James R. Martin, Ph.D., CMA
Professor Emeritus, University of South Florida
A Call Center randomly selects five calls per hour and records how long it takes the switchboard operators to answer.1 The table below shows the sample mean times and ranges for a ten hour shift.
|Time To Answer Calls in Seconds|
1. Determine the upper and lower limits for an X-bar chart.
2. Construct an X-bar chart.
3. Determine the upper and lower limits for a range chart.
4. Construct a range chart.
5. Does the process appear to be in control? Explain.
6. What do you think the company should do in response to these results?
The Blank Graphs are useful for constructing the charts by hand.
1. The grand mean and mean of the ranges are calculated as follows:
X = 300 ÷ 10 = 30
R = 200 ÷ 10 = 20
Control limits for the X-bar chart are calculated as follows based on the sample size of 5 observations (See Exhibit 3-9):
X + A2R = 30 + (.577)(20) = 41.54 = upper control limit.
X - A2R = 30 - (.577)(20) = 18.46 = lower control limit.
2. An X-bar chart for the Call Center appears below.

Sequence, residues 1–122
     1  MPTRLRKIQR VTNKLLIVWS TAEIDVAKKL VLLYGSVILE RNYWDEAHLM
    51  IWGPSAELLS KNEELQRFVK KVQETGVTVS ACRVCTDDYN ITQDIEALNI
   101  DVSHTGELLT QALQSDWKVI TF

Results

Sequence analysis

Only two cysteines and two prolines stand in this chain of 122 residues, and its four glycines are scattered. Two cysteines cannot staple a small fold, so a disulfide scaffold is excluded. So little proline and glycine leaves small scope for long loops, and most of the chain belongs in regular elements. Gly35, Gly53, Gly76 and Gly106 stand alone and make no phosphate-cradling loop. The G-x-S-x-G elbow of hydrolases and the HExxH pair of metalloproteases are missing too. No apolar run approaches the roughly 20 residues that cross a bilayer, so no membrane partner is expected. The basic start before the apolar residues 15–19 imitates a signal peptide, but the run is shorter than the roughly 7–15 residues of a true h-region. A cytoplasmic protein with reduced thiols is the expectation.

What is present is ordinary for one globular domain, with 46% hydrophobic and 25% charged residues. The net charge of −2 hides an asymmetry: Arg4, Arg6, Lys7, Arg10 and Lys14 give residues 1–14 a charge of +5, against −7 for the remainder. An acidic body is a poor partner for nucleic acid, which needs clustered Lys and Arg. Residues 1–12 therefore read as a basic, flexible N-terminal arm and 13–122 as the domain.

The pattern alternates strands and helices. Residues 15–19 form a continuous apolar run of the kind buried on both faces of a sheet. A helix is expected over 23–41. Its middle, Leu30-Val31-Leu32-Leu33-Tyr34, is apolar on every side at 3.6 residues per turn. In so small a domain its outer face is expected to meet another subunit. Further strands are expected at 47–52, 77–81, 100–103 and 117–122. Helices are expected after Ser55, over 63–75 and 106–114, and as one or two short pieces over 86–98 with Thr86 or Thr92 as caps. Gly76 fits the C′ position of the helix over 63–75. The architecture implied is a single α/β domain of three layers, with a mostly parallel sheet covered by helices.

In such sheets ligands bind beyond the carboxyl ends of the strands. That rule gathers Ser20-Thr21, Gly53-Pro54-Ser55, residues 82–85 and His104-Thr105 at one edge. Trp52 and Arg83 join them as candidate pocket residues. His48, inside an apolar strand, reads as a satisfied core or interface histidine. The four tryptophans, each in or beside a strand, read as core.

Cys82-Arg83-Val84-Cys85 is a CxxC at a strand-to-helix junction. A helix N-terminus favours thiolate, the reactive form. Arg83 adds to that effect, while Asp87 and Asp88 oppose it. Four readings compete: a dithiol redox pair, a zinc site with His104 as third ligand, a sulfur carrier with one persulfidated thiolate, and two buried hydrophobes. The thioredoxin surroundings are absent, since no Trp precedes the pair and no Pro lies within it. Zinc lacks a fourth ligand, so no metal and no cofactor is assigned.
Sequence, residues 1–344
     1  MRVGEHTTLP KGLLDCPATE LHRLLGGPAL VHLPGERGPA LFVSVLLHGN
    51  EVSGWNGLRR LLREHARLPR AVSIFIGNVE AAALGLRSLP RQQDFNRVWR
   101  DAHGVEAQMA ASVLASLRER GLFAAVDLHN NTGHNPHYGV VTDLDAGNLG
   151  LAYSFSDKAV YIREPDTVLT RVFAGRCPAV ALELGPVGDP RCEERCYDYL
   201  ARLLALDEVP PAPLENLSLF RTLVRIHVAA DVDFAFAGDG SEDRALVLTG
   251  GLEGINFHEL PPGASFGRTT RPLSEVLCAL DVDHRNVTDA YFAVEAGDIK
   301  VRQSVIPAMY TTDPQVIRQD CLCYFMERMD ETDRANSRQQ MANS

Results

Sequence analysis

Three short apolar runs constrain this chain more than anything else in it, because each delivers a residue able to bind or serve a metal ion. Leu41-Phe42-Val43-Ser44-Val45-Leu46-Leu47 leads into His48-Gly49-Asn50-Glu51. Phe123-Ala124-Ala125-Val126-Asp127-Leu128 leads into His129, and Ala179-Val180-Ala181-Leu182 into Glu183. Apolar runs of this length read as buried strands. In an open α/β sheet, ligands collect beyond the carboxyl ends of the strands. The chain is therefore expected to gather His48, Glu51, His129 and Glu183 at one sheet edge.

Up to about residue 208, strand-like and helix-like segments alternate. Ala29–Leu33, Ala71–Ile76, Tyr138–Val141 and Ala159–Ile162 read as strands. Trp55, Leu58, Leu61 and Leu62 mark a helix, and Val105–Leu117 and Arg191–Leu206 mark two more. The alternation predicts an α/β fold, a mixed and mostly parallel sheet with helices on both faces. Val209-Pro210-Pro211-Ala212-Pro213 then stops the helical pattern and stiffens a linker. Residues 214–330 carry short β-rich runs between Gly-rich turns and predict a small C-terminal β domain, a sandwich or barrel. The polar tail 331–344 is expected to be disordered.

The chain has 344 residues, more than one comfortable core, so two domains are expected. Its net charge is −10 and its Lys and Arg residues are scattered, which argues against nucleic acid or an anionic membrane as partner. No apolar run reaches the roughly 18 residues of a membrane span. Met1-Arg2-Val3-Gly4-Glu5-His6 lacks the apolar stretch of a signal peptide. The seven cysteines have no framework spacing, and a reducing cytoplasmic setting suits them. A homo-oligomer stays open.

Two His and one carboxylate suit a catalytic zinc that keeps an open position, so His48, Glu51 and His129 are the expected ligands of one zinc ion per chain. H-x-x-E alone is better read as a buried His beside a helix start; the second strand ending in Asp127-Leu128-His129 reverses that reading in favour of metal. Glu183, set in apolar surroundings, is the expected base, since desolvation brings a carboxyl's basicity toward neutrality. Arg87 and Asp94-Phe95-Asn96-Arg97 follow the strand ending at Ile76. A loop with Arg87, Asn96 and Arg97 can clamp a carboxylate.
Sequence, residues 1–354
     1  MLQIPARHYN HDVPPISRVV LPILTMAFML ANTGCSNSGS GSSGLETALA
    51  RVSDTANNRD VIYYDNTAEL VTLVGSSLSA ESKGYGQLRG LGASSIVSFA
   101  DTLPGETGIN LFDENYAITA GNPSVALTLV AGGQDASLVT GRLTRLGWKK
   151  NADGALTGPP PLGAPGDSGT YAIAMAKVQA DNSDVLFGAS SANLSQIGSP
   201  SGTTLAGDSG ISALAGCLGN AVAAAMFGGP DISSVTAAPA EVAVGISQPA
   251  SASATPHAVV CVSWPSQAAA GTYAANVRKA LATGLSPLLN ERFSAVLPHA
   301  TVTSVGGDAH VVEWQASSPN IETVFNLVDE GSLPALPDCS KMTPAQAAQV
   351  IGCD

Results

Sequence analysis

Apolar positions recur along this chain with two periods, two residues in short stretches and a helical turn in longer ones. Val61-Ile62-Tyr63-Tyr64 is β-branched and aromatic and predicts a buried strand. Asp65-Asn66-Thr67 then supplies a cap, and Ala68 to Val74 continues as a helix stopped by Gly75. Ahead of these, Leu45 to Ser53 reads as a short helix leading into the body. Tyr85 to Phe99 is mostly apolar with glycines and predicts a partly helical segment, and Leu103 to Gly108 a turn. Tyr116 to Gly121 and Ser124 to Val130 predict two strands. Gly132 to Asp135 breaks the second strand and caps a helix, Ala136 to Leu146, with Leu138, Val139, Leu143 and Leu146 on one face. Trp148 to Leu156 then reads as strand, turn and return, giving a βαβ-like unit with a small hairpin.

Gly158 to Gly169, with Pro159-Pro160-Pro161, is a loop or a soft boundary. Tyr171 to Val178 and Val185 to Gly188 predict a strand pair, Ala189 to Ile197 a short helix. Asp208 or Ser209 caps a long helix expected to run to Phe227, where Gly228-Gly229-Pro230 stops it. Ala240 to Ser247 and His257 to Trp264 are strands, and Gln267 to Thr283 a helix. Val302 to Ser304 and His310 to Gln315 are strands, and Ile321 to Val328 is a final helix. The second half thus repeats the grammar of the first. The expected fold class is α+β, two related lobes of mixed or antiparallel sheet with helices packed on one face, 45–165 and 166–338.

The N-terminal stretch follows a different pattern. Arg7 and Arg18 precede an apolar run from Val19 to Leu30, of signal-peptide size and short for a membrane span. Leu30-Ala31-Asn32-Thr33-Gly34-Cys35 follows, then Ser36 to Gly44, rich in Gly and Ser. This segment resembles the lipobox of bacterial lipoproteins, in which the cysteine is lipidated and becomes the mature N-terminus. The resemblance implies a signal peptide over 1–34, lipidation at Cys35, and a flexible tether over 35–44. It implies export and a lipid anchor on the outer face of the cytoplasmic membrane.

3. Control limits for the R-chart are determined in the following manner based on the sample size of 5 observations (See Exhibit 3-9).
D4R = (2.115)(20) = 42.3 = upper control limit.
D3R = (0)(20) = 0 = lower control limit.
4. The Call Center range chart is illustrated below.
5. The process does not appear to be in control since two points on the X-bar chart are outside the limits.
6. Although we do not have much data to make a decision, the process might need to be investigated in response to these results? The volume of calls at certain times may be the problem so that the process is not operating under constant conditions at all times. A different number of operators and a different chart may be needed to monitor performance during peak periods.
1 This problem was adapted from an illustration on page 549 in Boot, J. C. G. and E. B. Cox. 1970. Statistical Analysis for Managerial Decisions. McGraw-Hill.